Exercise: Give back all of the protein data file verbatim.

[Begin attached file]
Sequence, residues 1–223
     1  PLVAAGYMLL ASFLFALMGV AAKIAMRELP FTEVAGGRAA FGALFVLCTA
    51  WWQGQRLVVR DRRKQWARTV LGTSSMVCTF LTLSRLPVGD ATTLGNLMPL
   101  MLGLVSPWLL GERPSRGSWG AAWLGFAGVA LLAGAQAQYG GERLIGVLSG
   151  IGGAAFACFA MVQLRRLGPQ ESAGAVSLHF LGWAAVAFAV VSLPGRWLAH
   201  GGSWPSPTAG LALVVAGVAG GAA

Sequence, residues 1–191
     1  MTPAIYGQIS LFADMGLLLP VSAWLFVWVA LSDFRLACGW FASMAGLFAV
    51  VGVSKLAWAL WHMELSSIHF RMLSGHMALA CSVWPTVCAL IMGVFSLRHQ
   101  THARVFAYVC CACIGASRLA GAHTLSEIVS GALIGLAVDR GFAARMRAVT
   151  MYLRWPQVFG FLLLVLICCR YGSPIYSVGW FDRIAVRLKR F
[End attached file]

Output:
Sequence, residues 1–223
     1  PLVAAGYMLL ASFLFALMGV AAKIAMRELP FTEVAGGRAA FGALFVLCTA
    51  WWQGQRLVVR DRRKQWARTV LGTSSMVCTF LTLSRLPVGD ATTLGNLMPL
   101  MLGLVSPWLL GERPSRGSWG AAWLGFAGVA LLAGAQAQYG GERLIGVLSG
   151  IGGAAFACFA MVQLRRLGPQ ESAGAVSLHF LGWAAVAFAV VSLPGRWLAH
   201  GGSWPSPTAG LALVVAGVAG GAA

Sequence, residues 1–191
     1  MTPAIYGQIS LFADMGLLLP VSAWLFVWVA LSDFRLACGW FASMAGLFAV
    51  VGVSKLAWAL WHMELSSIHF RMLSGHMALA CSVWPTVCAL IMGVFSLRHQ
   101  THARVFAYVC CACIGASRLA GAHTLSEIVS GALIGLAVDR GFAARMRAVT
   151  MYLRWPQVFG FLLLVLICCR YGSPIYSVGW FDRIAVRLKR F